During pregnancy, you may have a runny or stuffy nose or occasional nosebleeds. These symptoms often begin toward the end of the first trimester and may continue until after delivery. 

What causes congestion and nosebleeds during pregnancy?

  • During pregnancy, your body goes through hormonal changes, and your blood supply increases. These changes may cause the membranes in your nose to swell, dry out or bleed more easily.
  • These changes may cause you to have a constant stuffy or runny nose, even if you have no cold symptoms.
  • You may have occasional nosebleeds, particularly during the winter months.
  • These symptoms often begin towards the end of the first trimester and may continue until after delivery.

How can you manage congestion and nosebleeds?

To help relieve congestion and dryness:

  • Use a humidifier. This will help to moisten the air in your home. Keep a humidifier in the bedroom to help ease congestion that keeps you awake at night. Be sure to clean the humidifier often.
  • Drink plenty of fluids. This will help keep your nasal passages moist.
  • Use steam. Take a warm shower before bedtime. It may help ease congestion that keeps you awake at night.
  • Use petroleum jelly. Place some around the outside of your nostrils.
  • Use saline nose drops or spray. They help moisten your nasal passages. You can find these at the drug store. However, don't use medicated nose drops, sprays or decongestants without first checking with your health care provider.
  • Blow your nose gently. Blowing your nose hard or often can aggravate the membranes and lead to more runniness or nosebleeds.
  • Use a warm, wet washcloth. Apply it to your cheeks, eyes and nose to help reduce congestion.
  • Elevate your head. Use an extra pillow when you sleep to prevent mucus from blocking your throat.

To stop a nosebleed:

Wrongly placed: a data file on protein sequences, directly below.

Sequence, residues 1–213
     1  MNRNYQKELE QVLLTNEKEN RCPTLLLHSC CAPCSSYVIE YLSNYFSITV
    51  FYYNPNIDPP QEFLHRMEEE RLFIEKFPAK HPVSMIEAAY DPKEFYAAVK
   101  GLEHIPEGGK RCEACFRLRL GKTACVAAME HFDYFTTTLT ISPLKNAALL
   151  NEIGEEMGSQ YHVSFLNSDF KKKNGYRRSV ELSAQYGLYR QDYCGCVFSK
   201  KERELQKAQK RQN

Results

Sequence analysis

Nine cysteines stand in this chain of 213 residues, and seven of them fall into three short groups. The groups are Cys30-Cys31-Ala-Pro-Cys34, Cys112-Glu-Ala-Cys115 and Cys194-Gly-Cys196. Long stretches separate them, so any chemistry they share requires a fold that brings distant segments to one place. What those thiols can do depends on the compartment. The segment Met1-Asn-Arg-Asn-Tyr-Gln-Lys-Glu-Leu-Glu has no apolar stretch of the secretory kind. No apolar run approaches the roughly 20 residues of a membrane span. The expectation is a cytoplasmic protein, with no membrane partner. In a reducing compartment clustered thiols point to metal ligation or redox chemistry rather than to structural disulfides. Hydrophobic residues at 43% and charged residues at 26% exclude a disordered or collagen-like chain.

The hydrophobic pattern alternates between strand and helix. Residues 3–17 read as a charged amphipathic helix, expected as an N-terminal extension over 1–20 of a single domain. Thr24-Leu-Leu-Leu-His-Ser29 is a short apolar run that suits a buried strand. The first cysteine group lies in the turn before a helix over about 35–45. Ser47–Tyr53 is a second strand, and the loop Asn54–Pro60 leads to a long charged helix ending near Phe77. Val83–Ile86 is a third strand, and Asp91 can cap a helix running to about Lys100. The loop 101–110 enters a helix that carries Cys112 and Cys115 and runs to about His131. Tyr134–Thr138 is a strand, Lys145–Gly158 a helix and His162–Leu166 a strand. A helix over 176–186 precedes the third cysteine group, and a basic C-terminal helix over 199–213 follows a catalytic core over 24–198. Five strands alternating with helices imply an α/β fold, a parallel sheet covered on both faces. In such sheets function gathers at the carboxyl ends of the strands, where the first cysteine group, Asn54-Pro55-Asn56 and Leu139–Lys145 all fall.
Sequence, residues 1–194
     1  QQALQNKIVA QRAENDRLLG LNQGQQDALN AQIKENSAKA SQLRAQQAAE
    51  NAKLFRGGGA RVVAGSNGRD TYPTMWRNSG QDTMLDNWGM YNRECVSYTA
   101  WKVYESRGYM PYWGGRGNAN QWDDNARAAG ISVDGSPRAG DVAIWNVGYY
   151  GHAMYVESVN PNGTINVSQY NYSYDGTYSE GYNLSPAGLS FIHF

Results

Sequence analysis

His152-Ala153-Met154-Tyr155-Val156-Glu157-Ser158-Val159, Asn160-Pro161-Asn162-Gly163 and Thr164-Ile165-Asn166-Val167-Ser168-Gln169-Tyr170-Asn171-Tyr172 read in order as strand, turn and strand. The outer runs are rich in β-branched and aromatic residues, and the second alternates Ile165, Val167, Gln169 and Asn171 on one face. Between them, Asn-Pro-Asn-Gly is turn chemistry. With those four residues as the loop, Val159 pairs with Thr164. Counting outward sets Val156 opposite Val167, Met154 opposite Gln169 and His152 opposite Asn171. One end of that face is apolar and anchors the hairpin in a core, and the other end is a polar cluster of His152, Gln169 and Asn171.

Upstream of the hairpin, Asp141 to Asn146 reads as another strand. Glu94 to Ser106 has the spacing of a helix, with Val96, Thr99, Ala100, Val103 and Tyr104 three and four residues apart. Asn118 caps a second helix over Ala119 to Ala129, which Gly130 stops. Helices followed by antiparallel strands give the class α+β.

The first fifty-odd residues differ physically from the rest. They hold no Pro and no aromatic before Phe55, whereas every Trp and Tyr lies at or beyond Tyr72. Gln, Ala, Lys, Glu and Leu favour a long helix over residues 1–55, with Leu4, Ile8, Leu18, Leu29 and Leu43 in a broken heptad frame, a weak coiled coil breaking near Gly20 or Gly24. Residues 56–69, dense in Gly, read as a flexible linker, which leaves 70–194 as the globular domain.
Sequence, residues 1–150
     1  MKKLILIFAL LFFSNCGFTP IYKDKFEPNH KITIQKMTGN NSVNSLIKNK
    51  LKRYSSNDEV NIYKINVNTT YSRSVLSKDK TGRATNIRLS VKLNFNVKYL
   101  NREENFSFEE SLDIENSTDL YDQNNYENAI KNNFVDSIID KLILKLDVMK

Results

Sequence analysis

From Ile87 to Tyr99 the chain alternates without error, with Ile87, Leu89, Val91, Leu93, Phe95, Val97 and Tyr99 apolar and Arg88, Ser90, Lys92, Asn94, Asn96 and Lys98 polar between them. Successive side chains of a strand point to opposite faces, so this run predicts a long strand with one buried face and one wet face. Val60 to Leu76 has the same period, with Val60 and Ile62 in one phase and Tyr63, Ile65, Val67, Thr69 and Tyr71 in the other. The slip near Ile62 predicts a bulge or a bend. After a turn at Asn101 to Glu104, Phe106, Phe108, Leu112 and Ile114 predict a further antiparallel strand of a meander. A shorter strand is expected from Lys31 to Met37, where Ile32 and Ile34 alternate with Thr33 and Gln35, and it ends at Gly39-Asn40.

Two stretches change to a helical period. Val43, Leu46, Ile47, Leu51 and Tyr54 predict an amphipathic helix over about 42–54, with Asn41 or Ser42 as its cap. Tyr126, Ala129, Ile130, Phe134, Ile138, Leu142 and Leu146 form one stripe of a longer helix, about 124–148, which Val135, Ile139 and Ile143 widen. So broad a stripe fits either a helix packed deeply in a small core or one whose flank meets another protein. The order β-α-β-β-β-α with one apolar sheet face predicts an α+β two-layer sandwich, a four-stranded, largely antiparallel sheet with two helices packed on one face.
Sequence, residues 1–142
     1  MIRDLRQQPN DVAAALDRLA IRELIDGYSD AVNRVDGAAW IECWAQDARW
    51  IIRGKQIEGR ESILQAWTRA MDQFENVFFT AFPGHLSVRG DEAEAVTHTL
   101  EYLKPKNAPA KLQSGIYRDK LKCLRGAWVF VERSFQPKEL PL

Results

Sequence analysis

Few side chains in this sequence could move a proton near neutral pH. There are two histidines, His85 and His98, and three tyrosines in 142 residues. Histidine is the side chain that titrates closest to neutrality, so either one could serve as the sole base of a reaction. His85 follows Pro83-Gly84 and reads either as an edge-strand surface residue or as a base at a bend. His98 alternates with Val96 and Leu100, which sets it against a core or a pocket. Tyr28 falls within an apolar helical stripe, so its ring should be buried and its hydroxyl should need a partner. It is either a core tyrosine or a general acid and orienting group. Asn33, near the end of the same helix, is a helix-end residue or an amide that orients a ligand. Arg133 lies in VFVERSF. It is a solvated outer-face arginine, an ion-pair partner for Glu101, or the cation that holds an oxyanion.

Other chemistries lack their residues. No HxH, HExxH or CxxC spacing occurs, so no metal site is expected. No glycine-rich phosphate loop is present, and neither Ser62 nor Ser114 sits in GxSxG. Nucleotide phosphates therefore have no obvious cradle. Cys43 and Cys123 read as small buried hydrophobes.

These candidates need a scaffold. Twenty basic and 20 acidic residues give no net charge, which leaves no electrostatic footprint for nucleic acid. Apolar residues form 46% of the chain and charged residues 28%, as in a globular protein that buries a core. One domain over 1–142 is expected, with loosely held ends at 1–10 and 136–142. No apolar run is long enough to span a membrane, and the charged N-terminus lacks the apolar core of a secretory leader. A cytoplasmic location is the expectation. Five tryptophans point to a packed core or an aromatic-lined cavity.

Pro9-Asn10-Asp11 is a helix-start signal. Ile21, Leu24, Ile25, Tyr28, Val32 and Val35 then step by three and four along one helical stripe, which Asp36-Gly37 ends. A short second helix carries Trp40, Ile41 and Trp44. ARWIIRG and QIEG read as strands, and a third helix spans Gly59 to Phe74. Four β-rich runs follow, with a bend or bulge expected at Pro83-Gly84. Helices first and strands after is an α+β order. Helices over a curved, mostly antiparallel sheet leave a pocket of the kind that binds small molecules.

• Remain seated and keep your head up. Lying down or tilting your head can cause you to swallow blood and become nauseated.
  • Apply pressure. Hold the nostril closed for 5 to 10 minutes.
  • Use ice or a cold pack. This helps narrow the blood vessels and stop the bleeding.

When should you talk to your provider about congestion and nosebleeds?

Nosebleeds and congestion are rarely signs of any serious problems. Usually, the congestion, runny nose and nosebleeds that occur during pregnancy clear up shortly after delivery.

Talk to your health care provider if you have nosebleeds often, if the bleeding doesn't stop after applying pressure and ice, or if bleeding lasts longer than 20 minutes. If the congestion is not eased by any of the suggestions above or if congestion keeps you from getting a good night's rest, talk to your health care provider about whether it is safe to take an over-the-counter decongestant.

If you have a stuffy or runny nose as well as signs of a cold or flu, talk to your health care provider before taking any type of over-the-counter cold remedies. The signs of cold or flu are sneezing, coughing, a sore throat, fever or minor aches and pains.


Last reviewed: December, 2013